Galaxies often contain large reservoirs of molecular gas that shape their evolution. This can be through cooling of the gas - which leads to star formation, or accretion on to the central supermassive black hole - which fuels active galactic nucleus (AGN) activity and produces powerful feedback. Molecular gas has been detected in early-type galaxies on scales of just a few tens to hundreds of solar masses by searching for absorption against their compact radio cores. Using this technique, ALMA has found absorption in several brightest cluster galaxies, some of which show molecular gas moving towards their galaxy's core at hundreds of km s-1. In this paper, we constrain the location of this absorbing gas by comparing each galaxy's molecular emission and absorption. In four galaxies, the absorption properties are consistent with chance alignments between the continuum and a fraction of the molecular clouds visible in emission. In four others, the properties of the absorption are inconsistent with this scenario. In these systems, the absorption is likely produced by a separate population of molecular clouds in close proximity to the galaxy core and with high inward velocities and velocity dispersions. We thus deduce the existence of two types of absorber, caused by chance alignments between the radio core and: (i) a fraction of the molecular clouds visible in emission, and (ii) molecular clouds close to the AGN, in the process of accretion. We also present the first ALMA observations of molecular emission in S555, Abell 2390, RXC J1350.3+0940, and RXC J1603.6+1553 - with the latter three having Mmol > 1010 Mθ.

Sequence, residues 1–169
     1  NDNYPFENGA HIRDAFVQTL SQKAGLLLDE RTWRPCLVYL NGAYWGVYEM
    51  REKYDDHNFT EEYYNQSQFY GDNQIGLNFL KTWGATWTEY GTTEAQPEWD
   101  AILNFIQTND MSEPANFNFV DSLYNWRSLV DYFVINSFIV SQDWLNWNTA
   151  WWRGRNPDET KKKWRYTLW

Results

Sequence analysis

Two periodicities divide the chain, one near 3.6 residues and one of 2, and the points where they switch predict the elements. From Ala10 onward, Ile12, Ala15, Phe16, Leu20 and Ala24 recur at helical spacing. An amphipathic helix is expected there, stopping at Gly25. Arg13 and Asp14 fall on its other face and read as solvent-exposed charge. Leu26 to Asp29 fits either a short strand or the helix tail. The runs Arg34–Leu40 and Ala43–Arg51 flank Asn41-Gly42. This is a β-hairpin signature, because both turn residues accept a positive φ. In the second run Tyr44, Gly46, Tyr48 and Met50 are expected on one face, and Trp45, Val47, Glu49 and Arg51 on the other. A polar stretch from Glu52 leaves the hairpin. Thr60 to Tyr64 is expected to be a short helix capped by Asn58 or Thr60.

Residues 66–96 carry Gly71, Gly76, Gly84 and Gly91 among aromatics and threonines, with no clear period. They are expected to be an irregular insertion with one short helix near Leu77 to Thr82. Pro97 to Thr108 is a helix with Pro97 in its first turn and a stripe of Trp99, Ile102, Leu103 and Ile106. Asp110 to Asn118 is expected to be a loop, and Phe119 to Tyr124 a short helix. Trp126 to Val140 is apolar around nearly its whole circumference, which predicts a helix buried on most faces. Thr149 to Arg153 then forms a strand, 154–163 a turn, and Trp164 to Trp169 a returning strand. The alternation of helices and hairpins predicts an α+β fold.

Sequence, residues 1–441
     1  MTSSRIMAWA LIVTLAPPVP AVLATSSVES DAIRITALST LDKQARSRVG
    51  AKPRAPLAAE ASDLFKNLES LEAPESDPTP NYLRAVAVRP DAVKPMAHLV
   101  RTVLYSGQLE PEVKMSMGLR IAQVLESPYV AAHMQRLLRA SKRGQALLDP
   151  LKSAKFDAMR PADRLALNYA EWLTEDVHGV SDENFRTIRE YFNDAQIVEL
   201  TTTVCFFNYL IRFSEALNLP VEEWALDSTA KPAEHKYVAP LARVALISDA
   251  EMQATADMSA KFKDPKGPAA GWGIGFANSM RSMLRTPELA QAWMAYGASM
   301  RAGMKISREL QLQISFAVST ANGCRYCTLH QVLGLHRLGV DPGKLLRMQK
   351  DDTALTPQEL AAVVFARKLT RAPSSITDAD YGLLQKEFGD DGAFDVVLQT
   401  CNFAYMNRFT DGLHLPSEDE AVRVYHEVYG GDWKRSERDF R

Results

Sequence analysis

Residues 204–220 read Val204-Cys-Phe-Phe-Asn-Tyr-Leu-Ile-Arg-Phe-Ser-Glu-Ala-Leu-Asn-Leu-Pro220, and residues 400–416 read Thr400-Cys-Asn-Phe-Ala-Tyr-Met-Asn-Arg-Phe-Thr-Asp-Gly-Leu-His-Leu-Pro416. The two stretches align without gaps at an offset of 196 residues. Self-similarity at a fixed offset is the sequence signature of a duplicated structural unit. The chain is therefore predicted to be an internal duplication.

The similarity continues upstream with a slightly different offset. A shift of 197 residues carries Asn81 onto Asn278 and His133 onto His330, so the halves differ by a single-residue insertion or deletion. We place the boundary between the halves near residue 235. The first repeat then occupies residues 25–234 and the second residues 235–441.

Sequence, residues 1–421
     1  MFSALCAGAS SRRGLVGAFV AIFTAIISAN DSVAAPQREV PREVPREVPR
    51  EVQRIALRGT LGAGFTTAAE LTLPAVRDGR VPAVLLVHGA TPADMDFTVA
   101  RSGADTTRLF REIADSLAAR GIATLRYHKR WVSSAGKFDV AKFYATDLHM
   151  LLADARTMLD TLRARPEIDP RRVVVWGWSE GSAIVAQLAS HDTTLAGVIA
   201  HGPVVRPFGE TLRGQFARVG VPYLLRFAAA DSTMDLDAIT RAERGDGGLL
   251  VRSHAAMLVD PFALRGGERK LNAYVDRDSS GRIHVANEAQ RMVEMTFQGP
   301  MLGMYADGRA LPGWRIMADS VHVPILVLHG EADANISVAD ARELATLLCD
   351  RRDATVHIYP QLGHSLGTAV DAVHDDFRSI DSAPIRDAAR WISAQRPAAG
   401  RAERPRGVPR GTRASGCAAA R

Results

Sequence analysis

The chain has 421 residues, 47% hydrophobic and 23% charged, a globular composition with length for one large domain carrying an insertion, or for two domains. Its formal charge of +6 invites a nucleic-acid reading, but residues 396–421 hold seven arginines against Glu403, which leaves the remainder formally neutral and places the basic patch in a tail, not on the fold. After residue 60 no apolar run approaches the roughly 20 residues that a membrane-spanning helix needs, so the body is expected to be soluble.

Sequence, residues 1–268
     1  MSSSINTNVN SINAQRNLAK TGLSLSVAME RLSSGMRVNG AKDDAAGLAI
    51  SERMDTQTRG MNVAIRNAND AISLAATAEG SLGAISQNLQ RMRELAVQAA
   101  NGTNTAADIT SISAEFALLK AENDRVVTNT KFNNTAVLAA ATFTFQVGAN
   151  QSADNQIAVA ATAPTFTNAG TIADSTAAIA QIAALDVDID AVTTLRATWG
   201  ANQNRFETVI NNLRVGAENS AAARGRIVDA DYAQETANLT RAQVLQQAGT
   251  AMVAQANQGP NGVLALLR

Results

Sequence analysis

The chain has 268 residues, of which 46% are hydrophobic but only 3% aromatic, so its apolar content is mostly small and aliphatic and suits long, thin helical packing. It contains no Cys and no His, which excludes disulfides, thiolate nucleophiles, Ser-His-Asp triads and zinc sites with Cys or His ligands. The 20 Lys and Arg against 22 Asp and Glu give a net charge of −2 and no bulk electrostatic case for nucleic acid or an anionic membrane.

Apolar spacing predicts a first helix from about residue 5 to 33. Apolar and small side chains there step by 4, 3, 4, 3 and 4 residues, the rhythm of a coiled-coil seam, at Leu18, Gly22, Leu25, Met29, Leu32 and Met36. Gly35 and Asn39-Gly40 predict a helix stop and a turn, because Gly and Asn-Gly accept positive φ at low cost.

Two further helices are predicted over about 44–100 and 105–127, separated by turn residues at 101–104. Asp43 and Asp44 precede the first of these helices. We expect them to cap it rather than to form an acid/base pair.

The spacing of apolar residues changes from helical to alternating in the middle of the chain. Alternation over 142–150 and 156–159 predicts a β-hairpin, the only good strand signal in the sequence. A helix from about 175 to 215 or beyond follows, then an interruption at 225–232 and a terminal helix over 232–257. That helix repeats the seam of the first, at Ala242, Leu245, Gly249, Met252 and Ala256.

|Number of pages||15|
|Journal||Monthly Notices of the Royal Astronomical Society|
|State||Published - Jan 1 2023|
Bibliographical noteFunding Information:
TR thanks the Waterloo Centre for Astrophysics and generous funding to BRM from the Canadian Space Agency and the National Science and Engineering Research Council of Canada. ACE ac- knowledges support from Science and Technology Facilities Council (STFC) grant ST/P00541/1. MG acknowledges partial support by HST GO-15890.020/023-A and the BlackHoleWeather program. HRR acknowledges support from an STFC Ernest Rutherford Fel- lowship and an Anne McLaren Fellowship. PS acknowledges support by the Agence Nationale De La Recherche (ANR) grant LYRICS (ANR-16-CE31-0011). This paper makes use of the following ALMA data: 2017.1.00629.S, 2021.1.00766.S, 2016.1.01214.S, 2012.1.00988.S, 2018.1.01471.S, 2011.0.00735.S, and 2015.1.01572.S. ALMA is a partnership of ESO (representing its member states), NSF (USA) and NINS (Japan), together with NRC (Canada), MOST and ASIAA (Taiwan), and KASI (Republic of Korea), in cooperation with the Republic of Chile. The Joint ALMA Observatory is operated by ESO, A UI/NRA O, and NA OJ. In addition, publications from NA authors must include the standard NRAO acknowledgement: The National Radio Astronomy Observatory is a facility of the National Science Foundation operated under cooperative agreement by Associated Universities, Inc. This research made use of ASTROPY (The Astropy Collaboration 2013, 2018 ), MATPLOTLIB (Hunter 2007 ), NUMPY (van der Walt, Colbert & Varoquaux 2011 ; Harris et al. 2020 ), PYTHON (Van Rossum & Drake 2009 ), SCIPY (Jones, Oliphant & Peterson 2011 ; Virtanen et al. 2020 ), and APLPY (Robitaille & Bressert 2012 ). We thank their developers for maintaining them and making them freely available.
© 2022 The Author(s).
- ISM: molecules
- galaxies: ISM
- quasars: absorption lines
ASJC Scopus subject areas
- Astronomy and Astrophysics
- Space and Planetary Science